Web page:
Booth materials are becoming recyclable, tchotchkes are becoming reusable, and food service operations are turning to compostable silverware and plant-based meats. This progression towards environmental responsibility shows no signs of slowing, with even the frequency of air travel coming under fire. “Flight shaming” is an emerging mindset that challenges the necessity of many of the world’s 38 million flights per year. The combination of flight shaming and improvements in virtual and augmented reality could have a significant impact on the structure of the exhibition industry going forward.

  1. Personalized Experiences

selfee boothA few decades ago, people were enamored with the newfound anonymity of the digital world and many relished the privacy generated by things like avatars and nickname-based email addresses. The invisibility cloak provided by the internet depersonalized virtually everything, particularly in the world of business relationships, and that was just fine for most Gen Xers. Professionals entering the workforce today, however, are more likely to view that anonymity with distrust. They want to do business with people who understand them and share their values, not corporations. Their expectation of privacy has been demolished thanks to internet tracking,and studies show they increasingly crave face-to-face interaction and engagement that seems personally designed for them.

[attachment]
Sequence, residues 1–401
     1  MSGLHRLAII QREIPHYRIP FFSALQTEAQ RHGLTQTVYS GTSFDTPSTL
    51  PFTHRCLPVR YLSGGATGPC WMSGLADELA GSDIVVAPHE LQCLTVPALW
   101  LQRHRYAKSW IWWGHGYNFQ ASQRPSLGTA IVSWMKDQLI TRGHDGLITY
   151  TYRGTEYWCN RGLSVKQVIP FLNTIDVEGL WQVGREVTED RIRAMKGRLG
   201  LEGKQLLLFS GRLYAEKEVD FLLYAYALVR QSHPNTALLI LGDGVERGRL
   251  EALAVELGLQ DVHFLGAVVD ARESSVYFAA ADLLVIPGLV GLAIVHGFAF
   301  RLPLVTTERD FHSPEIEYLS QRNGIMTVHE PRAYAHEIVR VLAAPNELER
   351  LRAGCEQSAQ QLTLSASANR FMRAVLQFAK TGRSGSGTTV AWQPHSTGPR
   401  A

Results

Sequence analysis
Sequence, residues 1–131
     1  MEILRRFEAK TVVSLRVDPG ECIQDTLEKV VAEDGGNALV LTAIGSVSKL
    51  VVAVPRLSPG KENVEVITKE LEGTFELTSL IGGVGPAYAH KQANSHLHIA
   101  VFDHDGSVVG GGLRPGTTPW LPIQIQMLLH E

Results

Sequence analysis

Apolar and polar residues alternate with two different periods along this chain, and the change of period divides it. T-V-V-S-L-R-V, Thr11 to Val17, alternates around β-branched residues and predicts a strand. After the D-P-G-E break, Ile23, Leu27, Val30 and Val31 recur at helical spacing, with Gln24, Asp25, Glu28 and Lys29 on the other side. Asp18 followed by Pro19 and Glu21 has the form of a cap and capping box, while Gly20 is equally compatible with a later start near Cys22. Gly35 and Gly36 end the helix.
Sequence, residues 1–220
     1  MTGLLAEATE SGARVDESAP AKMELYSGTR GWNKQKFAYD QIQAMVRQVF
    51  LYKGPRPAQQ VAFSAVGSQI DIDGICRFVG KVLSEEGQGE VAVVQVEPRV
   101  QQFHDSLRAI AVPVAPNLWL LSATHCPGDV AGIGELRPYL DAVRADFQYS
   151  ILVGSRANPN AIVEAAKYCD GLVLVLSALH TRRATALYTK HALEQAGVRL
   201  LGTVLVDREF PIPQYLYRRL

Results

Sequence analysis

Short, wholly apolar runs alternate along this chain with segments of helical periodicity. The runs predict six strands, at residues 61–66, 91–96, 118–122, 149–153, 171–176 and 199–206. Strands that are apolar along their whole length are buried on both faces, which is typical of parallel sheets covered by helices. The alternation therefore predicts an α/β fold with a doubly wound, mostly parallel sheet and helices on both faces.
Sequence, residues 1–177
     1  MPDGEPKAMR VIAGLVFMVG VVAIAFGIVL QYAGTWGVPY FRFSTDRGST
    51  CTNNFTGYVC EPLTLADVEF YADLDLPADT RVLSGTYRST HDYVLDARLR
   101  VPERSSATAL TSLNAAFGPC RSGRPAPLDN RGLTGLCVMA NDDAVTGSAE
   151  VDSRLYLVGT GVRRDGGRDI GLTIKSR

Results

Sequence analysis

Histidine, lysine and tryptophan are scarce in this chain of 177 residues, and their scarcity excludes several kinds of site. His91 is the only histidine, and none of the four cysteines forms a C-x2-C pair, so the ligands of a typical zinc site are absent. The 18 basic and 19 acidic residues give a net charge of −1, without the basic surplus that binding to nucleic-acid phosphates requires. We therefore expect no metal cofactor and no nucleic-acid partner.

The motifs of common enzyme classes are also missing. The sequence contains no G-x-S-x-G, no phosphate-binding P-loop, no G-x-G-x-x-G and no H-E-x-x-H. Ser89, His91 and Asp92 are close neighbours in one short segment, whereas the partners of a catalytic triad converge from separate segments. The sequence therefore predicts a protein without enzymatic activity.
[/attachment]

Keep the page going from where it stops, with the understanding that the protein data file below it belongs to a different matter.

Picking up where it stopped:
The movement towards personalized experiences provided on the tradeshow floor has taken many forms—from portraits painted in cappuccino foam to customizable scents and lighting during booth visits. Also, more and more displays are focused less on demo stations and more on creating a comfortable place for attendees to relax in an effort to foster that interpersonal relationship so prized today. Gamification, tactile experiences, services like massage and USB ports —there are a multitude of ways exhibitors are increasingly working on that human connection. But technology experts predict this is just a tiny glimpse of the personalization to come.